A lot to be thankful for

When I think about the challenges facing us as a health organisation, two well-known quotes spring to mind. The first from Walt Disney: “It’s kind of fun to do the impossible” and my personal favourite, by the creator of Sherlock Holmes “Once you eliminate the impossible, whatever remains, no matter how improbable, must be the truth.”

In the blog today, I’m going to reflect on what can be achieved when we strive for the best, push through the barriers and open ourselves up to the opportunities that come our way.

They say an organisation is only as strong as its people, and I was reminded of this at our Diversity Ball, when over 700 people came together to enjoy each other’s company and have fun. It was an amazing night and a great opportunity to celebrate the many countries, cultures and backgrounds that make up Team Counties. It’s this diversity that is our strength and makes us who we are. As I looked around the room, I was reminded of what an amazing organisation we have and how potent a force Team Counties is when people come together.

Last week I was speaking to the Counties Manukau Health Board about our achievements from the past financial year, which ended in June. Irrespective of the issues we have had to face these past few years, this is an organisation that has risen to every challenge. As a result we finished the year in the strongest financial position, as a DHB in NZ and delivered a $3 million surplus, and that’s on top of opening the new Harley Gray Building – a major capital development.

I put this down to the decision we made a couple of years ago, that instead of taking a draconian or slash and burn approach, we would work more smartly and look at innovative ways of taking waste out of the system. This approach has paid dividends, because it’s meant we have remained in control of our environment, with a focus on continuing improvement. I’d like to acknowledge Pauline Hanna,who has led the Financial Sustainability Workstream, which has been a stunning success.

All of this gives us an incredibly strong platform for the future. And of course a very important part of how we support this platform is the work we are doing with Project SWIFT (System Wide Integration For Transformation).   At my coffee with the CEO last week I spoke about SWIFT, and its aim to revolutionise how we provide health care services, with the support of modern information and communications technology (ICT). First of all it’s important to point out that this isn’t just an IT Project – in fact before technology even comes into the picture, SWIFT will help us identify what we need to change, across the entire health system in order to modernise our health system and provide improved care to people in our community.

SWIFT will address 4 main issues:

  1. How we use IT to become more efficient – for example improving our booking process.
  2. How we use IT to connect the various moveable parts of the health system, so that the hospital, GP, NGO, community team, pharmacist and the patient are all connected, in a way where they can share information. We can’t propose to have an integrated health system unless we have an integrated IT system to support it.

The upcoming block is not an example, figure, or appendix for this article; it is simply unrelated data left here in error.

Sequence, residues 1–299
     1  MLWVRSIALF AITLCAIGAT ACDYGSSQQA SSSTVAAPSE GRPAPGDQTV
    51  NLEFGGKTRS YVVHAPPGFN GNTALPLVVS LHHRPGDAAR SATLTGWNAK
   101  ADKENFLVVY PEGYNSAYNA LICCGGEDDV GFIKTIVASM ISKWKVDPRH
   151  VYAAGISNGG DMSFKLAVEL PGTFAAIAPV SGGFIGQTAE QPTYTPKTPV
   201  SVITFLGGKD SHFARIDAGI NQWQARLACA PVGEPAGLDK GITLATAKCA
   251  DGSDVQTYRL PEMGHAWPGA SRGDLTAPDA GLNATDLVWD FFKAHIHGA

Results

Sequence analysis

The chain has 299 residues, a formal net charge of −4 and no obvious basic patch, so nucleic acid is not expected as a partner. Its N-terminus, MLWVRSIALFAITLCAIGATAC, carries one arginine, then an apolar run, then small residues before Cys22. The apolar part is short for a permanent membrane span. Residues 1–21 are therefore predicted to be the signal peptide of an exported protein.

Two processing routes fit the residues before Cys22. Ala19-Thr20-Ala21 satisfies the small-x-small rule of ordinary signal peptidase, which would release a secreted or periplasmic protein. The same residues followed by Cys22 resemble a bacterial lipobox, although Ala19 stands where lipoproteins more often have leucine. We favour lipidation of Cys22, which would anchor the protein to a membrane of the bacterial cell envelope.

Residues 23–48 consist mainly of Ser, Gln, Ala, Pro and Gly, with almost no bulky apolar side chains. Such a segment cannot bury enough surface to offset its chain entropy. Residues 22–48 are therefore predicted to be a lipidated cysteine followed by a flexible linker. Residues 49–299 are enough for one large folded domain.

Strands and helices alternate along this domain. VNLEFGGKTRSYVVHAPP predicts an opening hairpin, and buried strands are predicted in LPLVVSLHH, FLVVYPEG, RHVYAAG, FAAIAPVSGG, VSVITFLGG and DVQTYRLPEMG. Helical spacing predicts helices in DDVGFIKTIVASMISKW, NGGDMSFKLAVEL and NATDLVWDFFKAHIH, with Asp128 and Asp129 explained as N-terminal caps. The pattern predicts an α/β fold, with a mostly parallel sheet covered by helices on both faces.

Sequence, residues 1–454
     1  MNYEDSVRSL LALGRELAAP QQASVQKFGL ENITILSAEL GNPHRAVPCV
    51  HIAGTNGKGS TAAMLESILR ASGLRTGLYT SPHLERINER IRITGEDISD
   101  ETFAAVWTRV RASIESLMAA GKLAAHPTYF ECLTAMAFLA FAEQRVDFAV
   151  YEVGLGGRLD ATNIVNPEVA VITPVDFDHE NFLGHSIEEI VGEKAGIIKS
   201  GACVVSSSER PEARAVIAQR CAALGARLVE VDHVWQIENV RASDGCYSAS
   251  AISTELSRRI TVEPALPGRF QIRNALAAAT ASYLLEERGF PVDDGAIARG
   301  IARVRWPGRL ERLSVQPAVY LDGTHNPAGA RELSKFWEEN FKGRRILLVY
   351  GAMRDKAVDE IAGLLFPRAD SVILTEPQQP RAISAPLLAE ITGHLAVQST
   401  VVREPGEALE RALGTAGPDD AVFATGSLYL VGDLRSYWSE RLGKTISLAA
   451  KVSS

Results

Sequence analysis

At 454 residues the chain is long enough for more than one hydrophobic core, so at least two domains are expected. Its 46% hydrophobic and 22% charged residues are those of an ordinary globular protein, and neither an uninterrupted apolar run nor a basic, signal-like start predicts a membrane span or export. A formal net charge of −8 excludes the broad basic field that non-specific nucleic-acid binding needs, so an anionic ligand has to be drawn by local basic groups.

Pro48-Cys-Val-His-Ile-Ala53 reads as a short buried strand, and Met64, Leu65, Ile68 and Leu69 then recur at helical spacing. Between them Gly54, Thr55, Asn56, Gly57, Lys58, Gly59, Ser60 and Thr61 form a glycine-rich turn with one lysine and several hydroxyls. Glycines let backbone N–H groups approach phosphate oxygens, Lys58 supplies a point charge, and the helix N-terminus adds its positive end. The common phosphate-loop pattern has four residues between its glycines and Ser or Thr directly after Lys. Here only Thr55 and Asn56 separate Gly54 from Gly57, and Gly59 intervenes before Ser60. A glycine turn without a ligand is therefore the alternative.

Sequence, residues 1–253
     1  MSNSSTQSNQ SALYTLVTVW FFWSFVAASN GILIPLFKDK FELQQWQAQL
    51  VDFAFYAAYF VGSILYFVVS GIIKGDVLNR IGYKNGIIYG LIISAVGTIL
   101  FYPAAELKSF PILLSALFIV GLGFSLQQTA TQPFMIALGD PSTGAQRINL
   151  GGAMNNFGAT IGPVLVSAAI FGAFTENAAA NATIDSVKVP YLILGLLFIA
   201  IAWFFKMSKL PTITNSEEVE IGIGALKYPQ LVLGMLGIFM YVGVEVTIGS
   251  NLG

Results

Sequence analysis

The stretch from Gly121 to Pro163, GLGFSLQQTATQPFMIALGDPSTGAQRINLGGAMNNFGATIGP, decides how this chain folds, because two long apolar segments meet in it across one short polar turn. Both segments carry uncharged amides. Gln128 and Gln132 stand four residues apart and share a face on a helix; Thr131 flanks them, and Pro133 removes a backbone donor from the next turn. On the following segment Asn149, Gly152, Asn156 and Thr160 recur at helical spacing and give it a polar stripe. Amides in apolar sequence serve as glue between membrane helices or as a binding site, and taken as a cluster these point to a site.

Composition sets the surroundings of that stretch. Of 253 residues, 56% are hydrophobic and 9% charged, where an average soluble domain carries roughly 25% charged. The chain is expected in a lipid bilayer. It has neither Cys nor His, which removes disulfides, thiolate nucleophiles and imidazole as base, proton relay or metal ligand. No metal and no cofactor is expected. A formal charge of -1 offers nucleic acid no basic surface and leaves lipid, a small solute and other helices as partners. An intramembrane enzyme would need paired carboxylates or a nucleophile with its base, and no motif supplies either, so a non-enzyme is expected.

3. How we use data to better plan for and design improved services for our growing population. How do we make sure we build, develop and deliver the right services in the right place at the right volume?
  4. How we use emerging technologies, like smart phones and apps so patients can better manage their care at home.

While we have achieved a lot this financial year, it’s stunning to be a part of an organisation that is so committed and so restless to push itself further. It’s that team counties spirit that is so central to realising our vision to be the best.

Geraint

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Author: Geraint Martin

Geraint Martin was appointed Chief Executive Officer of Counties Manukau DHB in December 2006. It is one of the largest District Health Boards in New Zealand and services a population of half a million. He has significant experience over 30 years in national policy & in managing both primary and secondary care . Previously, he was Director of Health and Social Care Strategy at the Welsh Government .He authored a radical 10 year strategy of reform, including the successful “Saving 1000 lives” Campaign.Until 2004, he was CEO at Kettering General Hospital & had held senior positions in London & Birmingham.He has worked closely with clinicians in improving clinical standards,patient safety,chronic disease management & managing acute care to reduce hospital demand.In NZ, He has promoted clinical quality and leadership as central to improving patientcare. This has led to a significant increases in productivity and access, whilst maintaining financial balance. CMH has completed in 2014 a $500 m capital redevelopment programme, the largest in New Zealand. A central part of this is the establishment of Ko Awatea,the Centre for Innovation and Research which will underpin CMH as one of the the leading health systems in Australasia.In 2008, he chaired the Ministerial Review of Emergency Care in New Zealand, and in 2013 was an member of the Expert Advisory Panel on Health Sector Performance. Geraint has an MSc in Health Policy from Birmingham University .His post-graduate work has focused on health economics and Corporate Strategy . He is adjunct Professor of Healthcare Management at AUT and Victoria University, Wellington Elected in 2006 as a Companion of the Institute of Healthcare Management, previously he was an Associate Fellow at Birmingham University.He is is Chair of the Auckland Philharmonia Orchestra, a member of the Institute of Directors, on the Board of the NZ Institute of Health Management & previously the Board of The NZ Health Quality and Safety Commission.

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